The PPACA also imposes new reporting and disclosure requirements on device manufacturers for any “transfer of value” made or distributed to prescribers and other healthcare providers. Such information must be made publicly available in a searchable format. In addition, device manufacturers are required to report and disclose any ownership or investment interests held by physicians and their immediate family members, as well as any transfers of value made to such physician owners and investors, during the preceding calendar year. Failure to submit required information may result in civil monetary penalties of up to an aggregate of $165,786 per year (and up to an aggregate of $1.105 million per year for “knowing failures”), for all payments, transfers of value or ownership or investment interests not reported in an annual submission. Device manufacturers are required to submit reports to CMS by the 90th day of each calendar year.
In addition, there has been increased federal and state regulation of payments made to physicians, including the tracking and reporting of gifts, compensation, and other remuneration to physicians. Certain states mandate implementation of commercial compliance programs to ensure compliance with these laws, impose restrictions on device manufacturer marketing practices, and/or require the tracking and reporting of gifts, compensation, and other remuneration to physicians or marketing expenditures and pricing information. The shifting commercial compliance environment and the need to build and maintain robust and expandable systems to comply with multiple jurisdictions with different compliance and/or reporting requirements increases the possibility that a healthcare company may be found out of compliance of one or more of the requirements, subjecting us to significant civil monetary penalties.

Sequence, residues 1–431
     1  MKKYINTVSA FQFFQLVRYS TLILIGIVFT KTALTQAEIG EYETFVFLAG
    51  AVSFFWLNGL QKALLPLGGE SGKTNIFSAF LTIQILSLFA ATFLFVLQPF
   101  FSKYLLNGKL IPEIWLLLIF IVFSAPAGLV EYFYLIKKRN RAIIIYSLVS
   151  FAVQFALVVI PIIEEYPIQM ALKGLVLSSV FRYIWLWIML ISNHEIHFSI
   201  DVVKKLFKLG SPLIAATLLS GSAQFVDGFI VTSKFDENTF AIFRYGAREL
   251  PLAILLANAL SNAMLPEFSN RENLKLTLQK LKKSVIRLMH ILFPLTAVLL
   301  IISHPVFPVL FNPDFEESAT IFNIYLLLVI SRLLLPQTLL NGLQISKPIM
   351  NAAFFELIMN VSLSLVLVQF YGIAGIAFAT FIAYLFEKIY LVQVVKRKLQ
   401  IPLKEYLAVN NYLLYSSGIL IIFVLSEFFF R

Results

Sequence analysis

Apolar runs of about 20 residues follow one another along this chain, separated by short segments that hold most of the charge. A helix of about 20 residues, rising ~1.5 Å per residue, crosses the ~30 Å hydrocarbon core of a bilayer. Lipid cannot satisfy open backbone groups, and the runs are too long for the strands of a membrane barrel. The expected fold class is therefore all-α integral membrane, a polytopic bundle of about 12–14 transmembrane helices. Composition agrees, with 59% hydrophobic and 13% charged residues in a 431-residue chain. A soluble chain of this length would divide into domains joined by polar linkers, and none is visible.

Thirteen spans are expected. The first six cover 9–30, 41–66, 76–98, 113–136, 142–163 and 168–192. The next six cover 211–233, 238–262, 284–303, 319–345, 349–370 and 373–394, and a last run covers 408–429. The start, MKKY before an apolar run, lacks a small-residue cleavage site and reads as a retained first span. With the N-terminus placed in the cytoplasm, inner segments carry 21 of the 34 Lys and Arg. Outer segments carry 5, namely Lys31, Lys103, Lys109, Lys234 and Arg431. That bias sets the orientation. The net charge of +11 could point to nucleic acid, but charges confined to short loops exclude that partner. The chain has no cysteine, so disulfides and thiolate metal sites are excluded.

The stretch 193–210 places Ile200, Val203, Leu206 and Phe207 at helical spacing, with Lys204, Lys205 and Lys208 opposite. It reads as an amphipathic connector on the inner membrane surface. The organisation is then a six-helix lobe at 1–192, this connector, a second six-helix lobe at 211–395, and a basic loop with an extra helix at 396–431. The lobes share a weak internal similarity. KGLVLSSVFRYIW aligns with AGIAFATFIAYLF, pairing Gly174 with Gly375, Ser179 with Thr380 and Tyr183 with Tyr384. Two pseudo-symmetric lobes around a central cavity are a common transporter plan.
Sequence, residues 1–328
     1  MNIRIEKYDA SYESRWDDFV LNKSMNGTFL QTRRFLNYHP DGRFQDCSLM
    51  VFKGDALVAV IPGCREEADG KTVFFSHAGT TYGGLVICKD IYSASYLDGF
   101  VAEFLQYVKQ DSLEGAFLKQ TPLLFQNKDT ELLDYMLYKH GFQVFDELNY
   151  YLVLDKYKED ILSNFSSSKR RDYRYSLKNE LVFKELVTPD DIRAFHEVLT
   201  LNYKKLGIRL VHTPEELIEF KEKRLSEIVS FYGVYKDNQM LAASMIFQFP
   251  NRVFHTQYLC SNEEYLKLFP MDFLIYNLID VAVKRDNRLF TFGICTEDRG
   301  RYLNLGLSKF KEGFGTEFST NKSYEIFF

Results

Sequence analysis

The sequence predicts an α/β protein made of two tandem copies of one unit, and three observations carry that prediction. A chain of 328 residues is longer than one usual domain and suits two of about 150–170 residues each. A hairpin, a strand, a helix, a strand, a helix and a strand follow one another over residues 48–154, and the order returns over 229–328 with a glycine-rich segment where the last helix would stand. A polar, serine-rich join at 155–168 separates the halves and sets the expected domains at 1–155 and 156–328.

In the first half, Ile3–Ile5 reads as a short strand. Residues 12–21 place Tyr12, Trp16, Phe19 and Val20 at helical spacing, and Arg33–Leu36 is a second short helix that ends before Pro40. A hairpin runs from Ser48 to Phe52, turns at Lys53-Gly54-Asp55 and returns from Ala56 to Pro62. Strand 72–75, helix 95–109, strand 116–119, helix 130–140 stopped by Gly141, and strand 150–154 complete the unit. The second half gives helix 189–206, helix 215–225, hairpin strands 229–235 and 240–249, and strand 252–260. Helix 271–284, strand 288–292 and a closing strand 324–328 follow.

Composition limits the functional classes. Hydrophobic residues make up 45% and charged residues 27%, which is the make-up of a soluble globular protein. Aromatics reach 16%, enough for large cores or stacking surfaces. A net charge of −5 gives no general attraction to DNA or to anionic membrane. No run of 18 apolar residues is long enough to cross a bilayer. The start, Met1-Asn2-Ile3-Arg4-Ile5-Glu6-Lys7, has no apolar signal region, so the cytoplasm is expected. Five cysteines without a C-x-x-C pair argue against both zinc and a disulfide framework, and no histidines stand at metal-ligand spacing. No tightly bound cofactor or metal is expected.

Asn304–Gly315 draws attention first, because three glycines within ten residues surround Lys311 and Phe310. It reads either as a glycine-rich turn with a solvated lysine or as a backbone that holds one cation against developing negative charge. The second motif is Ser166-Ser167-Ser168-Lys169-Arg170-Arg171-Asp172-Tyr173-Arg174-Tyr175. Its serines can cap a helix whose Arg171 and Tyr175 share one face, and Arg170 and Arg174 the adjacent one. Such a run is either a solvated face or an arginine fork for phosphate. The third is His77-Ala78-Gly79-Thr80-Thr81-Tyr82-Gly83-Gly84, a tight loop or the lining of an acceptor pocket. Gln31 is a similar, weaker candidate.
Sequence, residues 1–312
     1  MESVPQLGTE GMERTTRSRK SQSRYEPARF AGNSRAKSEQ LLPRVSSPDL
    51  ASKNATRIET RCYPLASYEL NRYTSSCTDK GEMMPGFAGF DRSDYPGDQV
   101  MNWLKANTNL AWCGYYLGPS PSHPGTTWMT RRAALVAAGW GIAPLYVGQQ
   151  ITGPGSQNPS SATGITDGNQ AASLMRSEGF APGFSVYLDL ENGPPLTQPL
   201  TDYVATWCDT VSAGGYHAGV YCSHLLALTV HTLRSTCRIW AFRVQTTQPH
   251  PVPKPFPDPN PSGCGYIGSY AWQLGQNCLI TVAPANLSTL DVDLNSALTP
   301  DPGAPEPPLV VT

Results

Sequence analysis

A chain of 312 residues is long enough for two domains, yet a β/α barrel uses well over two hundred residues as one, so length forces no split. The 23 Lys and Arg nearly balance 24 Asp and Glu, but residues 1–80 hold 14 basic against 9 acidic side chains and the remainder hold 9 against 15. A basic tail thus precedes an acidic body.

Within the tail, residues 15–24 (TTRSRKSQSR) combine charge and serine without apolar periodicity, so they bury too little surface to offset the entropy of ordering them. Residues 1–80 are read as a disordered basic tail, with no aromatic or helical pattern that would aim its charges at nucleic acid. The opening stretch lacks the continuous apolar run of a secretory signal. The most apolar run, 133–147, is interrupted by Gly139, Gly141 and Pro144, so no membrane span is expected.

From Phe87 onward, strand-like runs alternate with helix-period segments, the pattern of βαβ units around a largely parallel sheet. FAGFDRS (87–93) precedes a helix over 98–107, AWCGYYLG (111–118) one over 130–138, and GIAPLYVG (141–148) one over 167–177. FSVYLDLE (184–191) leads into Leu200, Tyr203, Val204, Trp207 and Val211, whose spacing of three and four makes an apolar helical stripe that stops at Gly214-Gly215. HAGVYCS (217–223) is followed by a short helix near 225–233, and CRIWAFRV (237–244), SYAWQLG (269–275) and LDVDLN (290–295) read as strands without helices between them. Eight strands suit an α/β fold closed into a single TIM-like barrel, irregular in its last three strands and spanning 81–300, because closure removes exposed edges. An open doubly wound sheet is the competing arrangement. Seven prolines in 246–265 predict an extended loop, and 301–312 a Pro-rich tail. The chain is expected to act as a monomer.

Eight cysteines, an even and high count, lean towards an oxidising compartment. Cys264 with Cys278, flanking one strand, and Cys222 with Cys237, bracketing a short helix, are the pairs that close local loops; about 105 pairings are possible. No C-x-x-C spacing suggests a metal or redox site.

Compliance with complex foreign and U.S. laws and regulations that apply to our OUS operations increases our cost of doing business in foreign jurisdictions and could expose us or our employees to fines and penalties in the U.S. and/or abroad. These numerous and sometimes conflicting laws and regulations include U.S. laws such as the Foreign Corrupt Practices Act, and similar laws in foreign countries, such as the U.K. Bribery Act of 2010, which became effective on July 1, 2011. Violations of these laws and regulations could result in fines, criminal sanctions against us, our officers or our employees, prohibitions on the conduct of our business and damage to our reputation. Although we have implemented policies and procedures designed to ensure compliance with these laws, there can be no assurance that our employees, contractors, or agents will not violate our policies.
OUR PRODUCTS ARE SUBJECT TO A LENGTHY AND UNCERTAIN DOMESTIC REGULATORY REVIEW PROCESS. IF WE DO NOT OBTAIN AND MAINTAIN THE NECESSARY DOMESTIC REGULATORY AUTHORIZATIONS, WE WILL NOT BE ABLE TO PROVIDE OUR PRODUCTS IN THE U.S.
Our products and operations are subject to extensive regulation in the U.S. by the FDA. The FDA regulates the development and clinical testing, manufacturing, labeling, storage, record keeping, promotion, sales, distribution, and post-market support and medical device reporting in the U.S. to ensure that medical products distributed domestically are safe and effective for their intended uses. In order for us to market products for use in the U.S., we generally must first obtain clearance from the FDA pursuant to Section 510(k) of the Federal Food Drug and Cosmetic Act (“FFDCA”). Clearance under Section 510(k) requires demonstration that a new device is substantially equivalent to another device with 510(k) clearance or grandfathered (“pre-amendment”) status.